Design engineers later inserted a probe and measured actual oxygen concentrations. The tests confirmed the predictions and designers were able to reconfigure the gasifier to eliminate the problem.
Such experiments and reconfigurations are impractical as new power plant designs scale up, so having good models becomes critical. The MFIX gasifier model can help predict problems in the design phase rather than after the next gasifier is built.
Now the MFIX team is working with design engineers to move from experimental-scale gasifiers toward development of efficient commercial-scale gasification in an IGCC plant — a scale-up factor of 50. In 2007, the code’s potential for driving better, faster and cheaper advances in clean coal power earned it one of R&D Magazine’s R&D 100 Awards as one of the year’s most promising new technologies.
MFIX solves a set of 22 time-dependent equations in three dimensions that portray the behavior of heavily loaded reactive gas/particle flows. It’s a general code that calculates the hydrodynamics, heat transfer and chemical reactions in fluid-solids systems, giving transient data on the three-dimensional distribution of pressure, velocity, temperature and mass fractions of chemical types.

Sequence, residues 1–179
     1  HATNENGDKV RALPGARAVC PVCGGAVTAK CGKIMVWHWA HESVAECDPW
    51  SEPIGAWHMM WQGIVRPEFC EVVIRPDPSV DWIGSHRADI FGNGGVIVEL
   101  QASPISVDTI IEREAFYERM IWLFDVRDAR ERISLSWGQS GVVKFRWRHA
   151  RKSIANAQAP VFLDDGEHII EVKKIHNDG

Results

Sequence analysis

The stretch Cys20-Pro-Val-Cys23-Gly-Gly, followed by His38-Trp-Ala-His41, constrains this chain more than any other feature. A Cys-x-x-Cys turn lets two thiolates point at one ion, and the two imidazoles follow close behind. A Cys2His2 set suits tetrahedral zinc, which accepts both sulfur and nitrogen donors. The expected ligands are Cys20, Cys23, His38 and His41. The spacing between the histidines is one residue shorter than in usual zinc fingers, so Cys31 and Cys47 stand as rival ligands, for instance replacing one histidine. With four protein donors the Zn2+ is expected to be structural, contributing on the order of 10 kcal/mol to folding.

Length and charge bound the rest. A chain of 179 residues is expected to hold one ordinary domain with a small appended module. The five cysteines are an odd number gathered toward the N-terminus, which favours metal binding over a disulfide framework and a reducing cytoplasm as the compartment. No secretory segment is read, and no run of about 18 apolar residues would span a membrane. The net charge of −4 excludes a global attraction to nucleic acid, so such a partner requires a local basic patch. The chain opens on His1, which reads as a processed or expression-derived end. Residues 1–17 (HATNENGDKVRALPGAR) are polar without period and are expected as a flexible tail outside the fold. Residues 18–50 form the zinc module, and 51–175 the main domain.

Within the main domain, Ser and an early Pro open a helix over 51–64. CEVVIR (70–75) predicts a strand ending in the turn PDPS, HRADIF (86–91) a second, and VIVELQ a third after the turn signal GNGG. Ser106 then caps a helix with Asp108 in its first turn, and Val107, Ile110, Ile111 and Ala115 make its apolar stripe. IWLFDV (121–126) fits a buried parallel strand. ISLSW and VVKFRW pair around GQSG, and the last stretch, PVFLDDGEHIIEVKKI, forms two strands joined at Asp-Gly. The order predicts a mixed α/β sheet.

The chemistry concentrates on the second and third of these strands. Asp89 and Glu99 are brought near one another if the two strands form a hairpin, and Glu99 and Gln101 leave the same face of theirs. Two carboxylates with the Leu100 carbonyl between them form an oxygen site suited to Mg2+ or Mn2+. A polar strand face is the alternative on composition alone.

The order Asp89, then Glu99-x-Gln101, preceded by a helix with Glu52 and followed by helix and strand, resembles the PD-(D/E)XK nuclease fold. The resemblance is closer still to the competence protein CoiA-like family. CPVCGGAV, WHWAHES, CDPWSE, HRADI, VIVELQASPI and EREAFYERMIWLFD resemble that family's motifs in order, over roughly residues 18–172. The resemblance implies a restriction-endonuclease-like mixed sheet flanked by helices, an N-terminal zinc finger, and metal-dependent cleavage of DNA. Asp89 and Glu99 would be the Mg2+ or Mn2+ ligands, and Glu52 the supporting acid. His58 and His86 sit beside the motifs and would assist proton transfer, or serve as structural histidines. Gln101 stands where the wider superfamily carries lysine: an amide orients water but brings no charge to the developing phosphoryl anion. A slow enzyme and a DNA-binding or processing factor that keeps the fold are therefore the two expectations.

When applied to coal gasification, MFIX calculates time-dependent information on conditions in the gasifier, including pressure, temperature, moving-material velocities, void fraction (the ratio of volumes of empty space to materials) and the composition of materials throughout the reactor. In a coal power plant, those materials include steam, oxygen, carbon monoxide, carbon dioxide, methane, hydrogen and nitrogen, as well as coal, coal tar, solid carbon, ash, volatiles and moisture remaining in the char.